# How to solve this problem using transient time-domain analysis?

Find V0(t) in this circuit assuming zero initial conditions.

I solved it (refer image above) using frequency-domain analysis using Laplace and found the answer, but I am not able to get the same answer using time-domain analysis. How to solve it in thr time domain using transient analysis?

• Simulators use transient analysis and would easily solve this problem. Maybe have a quick word with Alfred? Commented Sep 12, 2022 at 13:57
• @Andyaka Alfred's asking, which one? ;P Commented Sep 12, 2022 at 14:02
• Tell Alfred that I use micro-cap 12: zip file or link. Commented Sep 12, 2022 at 15:53

Using nodal analysis at the $$\\small V_x\$$ node: $$\\Sigma \small currents\:away\:from \:node =0 \$$

$$\\large\frac{(V_x -1)}{1}\: +\large\frac{1}{3}\frac{dV_x}{dt}+\large\frac{1}{5}\left(\small V_x +\large\frac{dV_x}{dt}+\frac{1}{3}\frac{d^2V_x}{dt^2}\right)\small=0\$$

Simplifying,

$$\\large\frac{d^2 V_x}{dt^2}\small+8\large\frac{dV_x}{dt}\small +18V_x=15 \$$

Auxiliary equation:

$$\\small m^2 +8m +18=0\$$

$$\\small m=-4\pm j\sqrt{2}\$$

Complementary function:

$$\\small V_{xcf}(t)=e^{-4t}(A cos\sqrt{2}t+Bsin\sqrt{2}t) \$$

Supplement, in response to comment:

$$\\small i_L=\large \frac{1}{5}\small (V_x-V_0)=\large \frac{1}{5}\small \left(V_x-\large\frac{d}{dt}\small i_L\right) =\large \frac{1}{5}\small \left(V_x-\large\frac{d}{dt}\small(i-i_C)\right) =\large \frac{1}{5}\small \left(V_x-\large\frac{di}{dt}+ \frac{di_C}{dt}\right)\$$

where $$\ i\$$ is the source current, $$\i_L \$$ is the inductor current, and $$\\small i_C\$$ is the capacitor current.

Thus,

$$\ i_L=\large \frac{1}{5}\small \left(V_x+\large\frac{dV_x}{dt}+\frac{1}{3} \frac{d^2V_x}{dt^2}\right)\$$

Also, the other two currents are,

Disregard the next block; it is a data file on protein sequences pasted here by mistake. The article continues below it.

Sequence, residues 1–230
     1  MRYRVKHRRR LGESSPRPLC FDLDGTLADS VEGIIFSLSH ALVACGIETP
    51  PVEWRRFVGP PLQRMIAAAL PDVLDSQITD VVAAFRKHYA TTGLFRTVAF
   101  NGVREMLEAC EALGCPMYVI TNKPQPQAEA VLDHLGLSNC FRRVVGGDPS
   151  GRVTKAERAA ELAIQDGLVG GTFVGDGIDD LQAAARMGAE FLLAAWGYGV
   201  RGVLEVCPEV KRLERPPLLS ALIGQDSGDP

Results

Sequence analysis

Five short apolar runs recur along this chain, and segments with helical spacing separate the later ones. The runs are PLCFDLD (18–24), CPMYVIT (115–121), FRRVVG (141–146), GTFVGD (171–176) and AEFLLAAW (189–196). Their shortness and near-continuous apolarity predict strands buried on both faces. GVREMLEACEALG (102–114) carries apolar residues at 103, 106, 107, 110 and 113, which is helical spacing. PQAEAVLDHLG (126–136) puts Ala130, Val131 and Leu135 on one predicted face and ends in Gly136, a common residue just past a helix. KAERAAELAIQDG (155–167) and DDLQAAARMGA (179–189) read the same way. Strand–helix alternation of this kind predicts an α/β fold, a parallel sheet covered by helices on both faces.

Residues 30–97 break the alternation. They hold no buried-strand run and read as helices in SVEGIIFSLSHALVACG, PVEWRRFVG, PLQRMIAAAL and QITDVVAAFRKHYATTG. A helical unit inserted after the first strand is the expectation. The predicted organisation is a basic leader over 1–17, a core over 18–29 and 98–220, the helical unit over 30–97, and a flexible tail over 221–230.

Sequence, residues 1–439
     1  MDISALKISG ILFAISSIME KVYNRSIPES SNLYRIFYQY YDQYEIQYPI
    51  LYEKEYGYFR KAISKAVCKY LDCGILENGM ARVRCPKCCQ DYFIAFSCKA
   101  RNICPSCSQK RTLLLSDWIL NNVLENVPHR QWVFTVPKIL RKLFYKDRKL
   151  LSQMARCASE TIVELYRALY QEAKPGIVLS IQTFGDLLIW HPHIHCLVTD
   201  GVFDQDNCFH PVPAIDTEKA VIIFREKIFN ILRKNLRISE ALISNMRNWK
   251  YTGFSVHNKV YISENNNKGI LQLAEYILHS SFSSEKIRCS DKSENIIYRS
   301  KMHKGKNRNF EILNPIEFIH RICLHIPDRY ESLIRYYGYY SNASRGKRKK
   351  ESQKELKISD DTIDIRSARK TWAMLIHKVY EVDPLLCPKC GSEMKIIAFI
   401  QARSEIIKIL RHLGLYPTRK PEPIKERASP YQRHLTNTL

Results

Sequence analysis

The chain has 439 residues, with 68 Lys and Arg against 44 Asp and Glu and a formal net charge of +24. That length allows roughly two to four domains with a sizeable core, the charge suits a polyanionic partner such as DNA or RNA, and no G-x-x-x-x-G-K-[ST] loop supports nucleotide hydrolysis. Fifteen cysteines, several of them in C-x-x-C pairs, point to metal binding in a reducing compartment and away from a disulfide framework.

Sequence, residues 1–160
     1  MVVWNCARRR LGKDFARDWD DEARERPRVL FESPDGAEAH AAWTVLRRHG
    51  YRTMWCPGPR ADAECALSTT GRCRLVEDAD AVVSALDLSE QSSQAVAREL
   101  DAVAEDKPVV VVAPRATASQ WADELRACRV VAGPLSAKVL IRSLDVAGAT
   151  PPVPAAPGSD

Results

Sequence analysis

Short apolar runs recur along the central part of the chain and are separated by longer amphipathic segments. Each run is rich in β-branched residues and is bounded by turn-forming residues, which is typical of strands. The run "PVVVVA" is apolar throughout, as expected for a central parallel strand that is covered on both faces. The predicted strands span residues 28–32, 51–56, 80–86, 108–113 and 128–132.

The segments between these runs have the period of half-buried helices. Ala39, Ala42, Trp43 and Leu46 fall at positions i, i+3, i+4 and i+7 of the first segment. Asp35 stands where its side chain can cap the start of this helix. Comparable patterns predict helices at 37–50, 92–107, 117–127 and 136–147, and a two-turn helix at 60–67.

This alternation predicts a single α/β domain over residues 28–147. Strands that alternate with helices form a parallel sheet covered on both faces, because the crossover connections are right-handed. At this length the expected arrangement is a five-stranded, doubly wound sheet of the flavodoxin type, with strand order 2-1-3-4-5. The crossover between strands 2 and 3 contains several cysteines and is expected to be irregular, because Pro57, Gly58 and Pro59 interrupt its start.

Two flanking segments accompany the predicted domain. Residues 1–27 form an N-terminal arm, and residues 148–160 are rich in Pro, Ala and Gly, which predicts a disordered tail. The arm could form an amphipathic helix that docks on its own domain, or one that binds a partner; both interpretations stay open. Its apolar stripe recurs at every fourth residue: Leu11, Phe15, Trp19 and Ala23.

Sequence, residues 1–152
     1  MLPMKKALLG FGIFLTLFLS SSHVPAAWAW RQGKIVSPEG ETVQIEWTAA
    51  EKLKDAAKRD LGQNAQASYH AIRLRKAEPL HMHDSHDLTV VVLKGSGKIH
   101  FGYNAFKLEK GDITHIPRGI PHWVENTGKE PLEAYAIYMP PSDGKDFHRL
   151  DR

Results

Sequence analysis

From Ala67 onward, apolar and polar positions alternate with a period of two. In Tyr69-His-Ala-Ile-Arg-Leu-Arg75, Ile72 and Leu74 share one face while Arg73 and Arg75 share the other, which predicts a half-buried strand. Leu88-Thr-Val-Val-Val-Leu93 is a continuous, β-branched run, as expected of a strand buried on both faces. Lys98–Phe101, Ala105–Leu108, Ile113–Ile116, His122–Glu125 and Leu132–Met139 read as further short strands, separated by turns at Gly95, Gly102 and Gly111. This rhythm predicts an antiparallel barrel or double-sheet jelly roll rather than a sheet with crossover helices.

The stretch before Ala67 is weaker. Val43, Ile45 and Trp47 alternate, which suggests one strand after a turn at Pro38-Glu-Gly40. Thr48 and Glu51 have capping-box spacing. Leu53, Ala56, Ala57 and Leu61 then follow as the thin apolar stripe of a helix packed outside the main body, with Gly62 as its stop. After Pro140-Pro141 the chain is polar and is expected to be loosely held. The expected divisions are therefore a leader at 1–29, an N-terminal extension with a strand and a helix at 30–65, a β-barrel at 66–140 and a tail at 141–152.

$$\\small i=1-V_x \$$, and $$\ i_C=\large\frac{1}{3}\frac{dV_x}{dt}\$$

Finally, node current balance,

$$\i+i_C +i_L=0\$$

gives,

$$\\large\frac{d^2 V_x}{dt^2}\small+8\large\frac{dV_x}{dt}\small +18V_x=15 \$$

• Could you care to explain how you got 1/5(Vx+dVx/dt...) that equation? Commented Sep 14, 2022 at 10:26
• See supplement.
– Chu
Commented Sep 14, 2022 at 13:33

You've already used Kirchhoff for the Laplace domain, why not use it for the time domain, too? I'll use the loop:

\begin{align} &\begin{cases} 1\cdot i_1(t)+\dfrac{1}{\frac13}\int{[i_1(t)-i_2(t)]\mathrm{d}t}&=\theta(t) \\ \dfrac{1}{\frac13}\int{[i_1(t)-i_2(t)]\mathrm{d}t}&=5\cdot i_2(t)+1\cdot \dfrac{\mathrm{d}i_2(t)}{\mathrm{d}t} \end{cases} \\ \Rightarrow \\ &\begin{cases} 1\cdot \dfrac{\mathrm{d}i_1(t)}{\mathrm{d}t}+\dfrac{i_1-i_2}{\frac13}&=\delta(t) \\ \dfrac{i_1-i_2}{\frac13}&=5\cdot \dfrac{\mathrm{d}i_2(t)}{\mathrm{d}t}+1\cdot \dfrac{\mathrm{d}^2i_2(t)}{\mathrm{d}^2t} \end{cases} \tag{1} \\ \Rightarrow \\ i_2(t)&=\dfrac16-\dfrac13\mathrm{e}^{-4t}\left(\sqrt2\sin(\sqrt2 t)+\cos(\sqrt2 t)\right) \tag{2} \end{align}

$$\i_1(t)\$$ can be discarded. Since the voltage across the inductor is the derivative of the current through it:

$$\dfrac{\mathrm{d}i_2(t)}{\mathrm{d}t}=\dfrac{3}{\sqrt2}\mathrm{e}^{-4t}\sin(\sqrt2 t) \tag{3}$$